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I have a game client an Google App Engine server. My server sends the client a UTC timedate string which is milliseconds since epoch that represents the datestamp of the last play. I want my client to report how many days/hours/min since the last play. I have this working in my iOS client but can't get it to work in Android. I've tried many options, some using Joda-Time some Date objects that are straight Java, the time is always offset by a couple hours. What's odd is the time is off not on the hour.. could be off 2 hours 34 min.. so I don't think my issue is just a timezone thing or it would be on the hour no?

Essentially I need to get this UTC time and then get the current time in UTC as well.. compare the difference to get days/hours/min

Here's what I have, I'm using the Joda-Time library:

For example my server sends me this string "1392392591.0" (happens to be utc time for approx 7:45am PST)

public String convertDateString ( String date ) {

        Float gameEpoch = Float.parseFloat( date ); 

        DateTime now = new DateTime();
        DateTime gameTime = new DateTime(gameEpoch.longValue() * 1000 );

        Period p = new Period(gameTime, now, PeriodType.dayTime());

        String dateString = "";
        if(p.getDays() > 0)
            dateString =  (p.getDays() + " days " + p.getHours() + " hours ago");
        else if(p.getHours() > 0)
            dateString =  (p.getHours() + " hours " + p.getMinutes() + " minutes ago");
        else if(p.getMinutes() > 0)
            dateString =  (p.getMinutes() + " minutes ago");
        else
            dateString = "Just Now";

        return dateString;
    }
share|improve this question
    
My server sends the client a UTC timedate string which is milliseconds since epoch. Nope. Your client is receiving seconds since the Unix [epoch][1], not milliseconds. Obviously you know this and must have mistyped, as your example code is correctly multiplying by 1000. I'm making this note for other readers. – Basil Bourque Feb 15 '14 at 3:52
    
I suggest adding an L to that 1000 to be 1000L. That's a good habit when doing math with the "long" primitive type to avoid data loss. Adding an L also helps to make the code self-documenting, a reminder that we are dealing with longs rather than the more common ints. – Basil Bourque Feb 15 '14 at 3:56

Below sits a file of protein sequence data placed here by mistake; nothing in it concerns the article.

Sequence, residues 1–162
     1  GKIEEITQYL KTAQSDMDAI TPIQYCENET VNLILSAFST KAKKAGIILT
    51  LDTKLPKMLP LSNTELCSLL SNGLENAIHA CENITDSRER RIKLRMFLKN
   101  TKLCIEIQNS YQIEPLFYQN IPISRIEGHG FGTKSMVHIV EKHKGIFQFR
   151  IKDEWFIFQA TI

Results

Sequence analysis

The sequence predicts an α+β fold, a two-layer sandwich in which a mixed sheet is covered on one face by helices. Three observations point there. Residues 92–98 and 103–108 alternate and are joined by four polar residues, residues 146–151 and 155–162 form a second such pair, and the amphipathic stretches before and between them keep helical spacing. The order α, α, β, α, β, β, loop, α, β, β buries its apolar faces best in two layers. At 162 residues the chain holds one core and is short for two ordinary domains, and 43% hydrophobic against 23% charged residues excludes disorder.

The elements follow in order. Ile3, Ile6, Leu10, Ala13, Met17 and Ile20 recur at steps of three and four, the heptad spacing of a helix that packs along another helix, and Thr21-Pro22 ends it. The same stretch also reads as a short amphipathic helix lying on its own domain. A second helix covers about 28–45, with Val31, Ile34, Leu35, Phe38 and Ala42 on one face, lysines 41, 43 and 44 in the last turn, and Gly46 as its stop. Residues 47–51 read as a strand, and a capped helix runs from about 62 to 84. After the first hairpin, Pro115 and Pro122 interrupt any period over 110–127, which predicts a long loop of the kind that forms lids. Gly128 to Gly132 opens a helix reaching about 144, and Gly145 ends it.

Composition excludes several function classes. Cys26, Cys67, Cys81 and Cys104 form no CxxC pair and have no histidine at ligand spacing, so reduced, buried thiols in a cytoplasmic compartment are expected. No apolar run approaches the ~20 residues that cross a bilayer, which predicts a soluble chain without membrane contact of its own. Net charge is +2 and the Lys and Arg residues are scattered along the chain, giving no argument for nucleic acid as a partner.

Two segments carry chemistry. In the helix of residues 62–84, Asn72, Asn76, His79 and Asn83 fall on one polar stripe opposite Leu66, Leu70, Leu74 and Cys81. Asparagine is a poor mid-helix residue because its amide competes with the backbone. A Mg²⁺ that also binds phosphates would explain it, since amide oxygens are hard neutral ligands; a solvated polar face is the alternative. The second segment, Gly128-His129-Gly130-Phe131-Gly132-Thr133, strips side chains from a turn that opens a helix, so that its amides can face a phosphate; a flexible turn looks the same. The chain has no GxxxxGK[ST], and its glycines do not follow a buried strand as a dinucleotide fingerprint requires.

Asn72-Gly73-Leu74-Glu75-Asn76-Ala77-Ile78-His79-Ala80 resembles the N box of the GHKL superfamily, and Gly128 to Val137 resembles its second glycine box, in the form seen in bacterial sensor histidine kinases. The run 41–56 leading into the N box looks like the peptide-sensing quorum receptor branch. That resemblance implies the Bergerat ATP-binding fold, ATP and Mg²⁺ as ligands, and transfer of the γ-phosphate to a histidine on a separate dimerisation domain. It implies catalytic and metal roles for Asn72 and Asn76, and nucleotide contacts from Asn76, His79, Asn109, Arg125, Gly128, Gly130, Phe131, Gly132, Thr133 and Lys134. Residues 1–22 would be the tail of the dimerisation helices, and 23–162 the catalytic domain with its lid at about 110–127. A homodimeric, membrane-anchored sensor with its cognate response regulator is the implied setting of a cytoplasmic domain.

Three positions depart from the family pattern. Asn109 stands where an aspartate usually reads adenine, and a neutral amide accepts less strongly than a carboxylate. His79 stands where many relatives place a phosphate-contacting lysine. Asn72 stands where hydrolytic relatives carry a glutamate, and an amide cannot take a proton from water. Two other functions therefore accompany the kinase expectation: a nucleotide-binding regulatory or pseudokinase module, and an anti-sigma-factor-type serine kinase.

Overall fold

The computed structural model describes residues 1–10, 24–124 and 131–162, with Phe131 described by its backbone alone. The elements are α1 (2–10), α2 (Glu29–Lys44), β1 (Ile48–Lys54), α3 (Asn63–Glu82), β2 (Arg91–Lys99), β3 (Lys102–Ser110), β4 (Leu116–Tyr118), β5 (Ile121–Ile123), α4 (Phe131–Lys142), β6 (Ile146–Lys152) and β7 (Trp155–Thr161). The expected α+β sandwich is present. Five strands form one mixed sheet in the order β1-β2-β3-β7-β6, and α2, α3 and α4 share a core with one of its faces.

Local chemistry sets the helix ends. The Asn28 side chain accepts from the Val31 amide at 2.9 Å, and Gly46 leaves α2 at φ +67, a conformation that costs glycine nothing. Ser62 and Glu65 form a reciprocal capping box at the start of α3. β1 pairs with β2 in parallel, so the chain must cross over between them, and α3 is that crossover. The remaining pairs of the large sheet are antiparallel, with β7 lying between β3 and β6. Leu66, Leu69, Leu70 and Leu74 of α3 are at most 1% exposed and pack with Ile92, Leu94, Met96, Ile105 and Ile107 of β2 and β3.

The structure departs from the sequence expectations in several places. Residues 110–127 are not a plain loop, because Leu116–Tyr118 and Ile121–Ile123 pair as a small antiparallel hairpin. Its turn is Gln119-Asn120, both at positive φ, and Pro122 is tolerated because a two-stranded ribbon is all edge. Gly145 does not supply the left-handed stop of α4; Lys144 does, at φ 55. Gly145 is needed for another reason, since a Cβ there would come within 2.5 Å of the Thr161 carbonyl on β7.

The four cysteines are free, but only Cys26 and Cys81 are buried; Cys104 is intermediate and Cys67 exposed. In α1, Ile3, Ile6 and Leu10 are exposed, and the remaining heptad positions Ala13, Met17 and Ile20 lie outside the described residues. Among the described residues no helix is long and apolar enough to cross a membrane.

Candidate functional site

will do, thanks Basil – Daniel Feb 19 '14 at 22:36
up vote 5 down vote accepted

Don't convert from a String to a Float. Floats only have 7 significant digits, hence gameEpoch will always be imprecise. Use a double, or better yet, a long.

share|improve this answer
    
yup to read more about Floating Point search for IEEE 754. – Vishrant Feb 14 '14 at 16:48
    
I've adjusted my code and still getting about a 2hr 2min diff from what I'd expect to see (i have a javascript and objectiveC client doing the same thing and they are working). Here's an update where I convert to Long: long gameEpoch = Long.parseLong( date ); Interestingly.. if I just check the "now" time in UTC it's off by a few hours from my laptop clock which is to be expected but it's also off by 2min, which I didn't expect. Should I expect when converting form local time to UTC that more then just the days hours change.. would the min change as well? I wouldn't have thought so – Daniel Feb 14 '14 at 20:12
    
AH! Found where I was getting thrown. I'm running this in an android simulator.. turns out the simulator clock was off by 2min and the timezone was set to GMT. That was throwing me off. I thing the code above with the Long adjustment is working. Thanks for the help.. I feel dumb. – Daniel Feb 14 '14 at 20:44

The answer by Tony the Pony is correct.

By the way, in the last half of your example code, you are working too hard. Joda-Time offers a PeriodFormatterBuilder class to help you generate those descriptive strings.

This example code needs some finessing, but will get you headed in the right direction.

// Period(int years, int months, int weeks, int days, int hours, int minutes, int seconds, int millis)
Period period = new Period( 0, 0, 0, 2, 3, 4, 0, 0 );

PeriodFormatter formatter = new PeriodFormatterBuilder()
        .printZeroAlways()
        .appendYears()
        .appendSuffix( " year", " years" )
        .appendSeparator( ", " )
        .printZeroRarelyLast()
        .appendMonths()
        .appendSuffix( " month", " months" )
        .appendSeparator( ", " )
        .appendWeeks()
        .appendSuffix( " week", " weeks" )
        .appendSeparator( ", " )
        .appendDays()
        .appendSuffix( " day", " days" )
        .appendSeparator( ", " )
        .appendHours()
        .appendSuffix( " hour", " hours" )
        .appendSeparator( ", and " )
        .appendMinutes()
        .appendSuffix( " minute", " minutes" )
        .toFormatter();

String timeSpanDescription = formatter.print( period );

Dump to console…

System.out.println( "period: " + period );
System.out.println( "timeSpanDescription: " + timeSpanDescription );

When run…

period: P2DT3H4M
timeSpanDescription: 0 years, 2 days, 3 hours, and 4 minutes
share|improve this answer
    
Thanks for the example! I've refined what I have since posting this.. but I wasn't leveraging the PeriodFormatterBuilder. – Daniel Feb 15 '14 at 21:06

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